The industry itself has been historically resistant to large-scale innovation and change. That is, innovation has been incremental because buildings are simply too simply expensive to undertake any systematic or radical innovations on any one specific building design or project. This author would also argue the industry has been disadvantaged by the surprisingly small investment in formal measures designed to improve quality and the lack of truly effective representation at senior levels of the provincial and federal governments.

Why future-proofing is important
Buildings are long-term investments with an intrinsic value far in excess of the sum of its parts. They collectively serve as a vast storehouse of embedded energy; in their design, construction, and ongoing reuse we have made extraordinarily effective use of what would normally be considered materials of low intrinsic value.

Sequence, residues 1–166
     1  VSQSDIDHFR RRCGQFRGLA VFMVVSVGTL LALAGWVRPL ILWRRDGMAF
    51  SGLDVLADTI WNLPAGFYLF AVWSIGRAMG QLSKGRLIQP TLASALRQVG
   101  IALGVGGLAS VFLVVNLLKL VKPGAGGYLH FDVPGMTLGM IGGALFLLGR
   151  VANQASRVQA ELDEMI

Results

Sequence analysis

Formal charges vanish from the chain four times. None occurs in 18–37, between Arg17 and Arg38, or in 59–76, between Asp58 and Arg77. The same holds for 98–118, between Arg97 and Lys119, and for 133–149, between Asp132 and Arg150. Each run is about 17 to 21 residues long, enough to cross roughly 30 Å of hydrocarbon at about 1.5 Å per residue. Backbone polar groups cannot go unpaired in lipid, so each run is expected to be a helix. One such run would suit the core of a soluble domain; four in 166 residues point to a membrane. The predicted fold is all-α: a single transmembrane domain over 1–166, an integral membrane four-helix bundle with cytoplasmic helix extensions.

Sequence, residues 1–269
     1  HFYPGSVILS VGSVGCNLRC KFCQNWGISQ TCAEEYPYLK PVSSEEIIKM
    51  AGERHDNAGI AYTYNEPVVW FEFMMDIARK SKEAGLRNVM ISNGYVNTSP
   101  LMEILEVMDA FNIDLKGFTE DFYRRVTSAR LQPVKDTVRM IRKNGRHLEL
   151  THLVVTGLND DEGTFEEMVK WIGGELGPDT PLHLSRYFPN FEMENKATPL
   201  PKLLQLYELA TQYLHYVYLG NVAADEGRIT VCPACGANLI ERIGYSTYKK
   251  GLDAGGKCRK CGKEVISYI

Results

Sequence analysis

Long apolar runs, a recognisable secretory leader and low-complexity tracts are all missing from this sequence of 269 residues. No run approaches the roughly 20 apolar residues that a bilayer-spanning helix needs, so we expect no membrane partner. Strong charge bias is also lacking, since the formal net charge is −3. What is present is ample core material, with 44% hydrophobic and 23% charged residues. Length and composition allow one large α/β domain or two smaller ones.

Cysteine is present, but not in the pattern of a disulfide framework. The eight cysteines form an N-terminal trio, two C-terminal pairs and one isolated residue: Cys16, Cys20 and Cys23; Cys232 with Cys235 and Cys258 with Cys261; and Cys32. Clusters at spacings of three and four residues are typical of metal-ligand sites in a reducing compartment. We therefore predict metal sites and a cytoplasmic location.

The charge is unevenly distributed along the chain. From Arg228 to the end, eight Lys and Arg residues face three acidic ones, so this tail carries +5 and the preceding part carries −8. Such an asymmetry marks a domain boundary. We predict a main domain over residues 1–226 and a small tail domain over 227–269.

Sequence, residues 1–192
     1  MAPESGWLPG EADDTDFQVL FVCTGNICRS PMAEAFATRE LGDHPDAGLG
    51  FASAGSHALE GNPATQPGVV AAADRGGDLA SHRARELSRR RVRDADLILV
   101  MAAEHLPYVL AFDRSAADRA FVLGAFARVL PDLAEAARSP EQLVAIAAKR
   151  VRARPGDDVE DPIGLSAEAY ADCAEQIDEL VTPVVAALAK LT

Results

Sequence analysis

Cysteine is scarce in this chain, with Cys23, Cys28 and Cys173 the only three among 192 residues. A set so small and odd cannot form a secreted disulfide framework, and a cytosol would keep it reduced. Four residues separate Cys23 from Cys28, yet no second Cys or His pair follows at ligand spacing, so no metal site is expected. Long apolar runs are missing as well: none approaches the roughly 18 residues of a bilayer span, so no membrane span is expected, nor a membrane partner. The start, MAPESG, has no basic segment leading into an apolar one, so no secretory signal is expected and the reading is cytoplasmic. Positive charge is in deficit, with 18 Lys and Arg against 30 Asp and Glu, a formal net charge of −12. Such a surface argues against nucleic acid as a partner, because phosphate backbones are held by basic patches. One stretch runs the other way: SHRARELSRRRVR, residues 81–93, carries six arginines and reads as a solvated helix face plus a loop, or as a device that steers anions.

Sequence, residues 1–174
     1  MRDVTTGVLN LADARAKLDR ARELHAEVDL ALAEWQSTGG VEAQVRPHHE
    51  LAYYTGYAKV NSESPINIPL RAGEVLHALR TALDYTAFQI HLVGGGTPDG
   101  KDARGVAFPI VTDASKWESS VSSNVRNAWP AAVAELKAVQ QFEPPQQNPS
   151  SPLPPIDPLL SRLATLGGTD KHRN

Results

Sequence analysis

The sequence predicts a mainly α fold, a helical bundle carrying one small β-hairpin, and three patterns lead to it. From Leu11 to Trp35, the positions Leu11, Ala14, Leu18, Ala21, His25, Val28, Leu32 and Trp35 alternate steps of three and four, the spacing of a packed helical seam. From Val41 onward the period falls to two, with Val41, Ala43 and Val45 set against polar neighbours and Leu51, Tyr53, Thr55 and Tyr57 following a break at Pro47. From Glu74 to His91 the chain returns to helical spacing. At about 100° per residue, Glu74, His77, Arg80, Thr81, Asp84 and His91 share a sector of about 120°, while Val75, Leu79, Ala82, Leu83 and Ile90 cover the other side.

Any attempt to prepare buildings for the future will have to acknowledge the same characteristics mentioned that make buildings and the industry unique and special in doing so. Enabling the built environment to be ready for the future is almost certainly a collective challenge that will eventually need to be tackled by the revision mechanisms built into our National Building Code of Canada (NBC). Historically, we have used our model code to address concerns about the safety, well-being, and productivity of the occupants and/or our building stock itself. This approach would not have to be modified to address any specific concerns any about the future.

The biggest risk to our built environment are those we will have difficulty in anticipating or controlling—obsolescence in one form or another is undoubtedly at the top of the list. One dire consequence is a failure of buildings to provide essential services.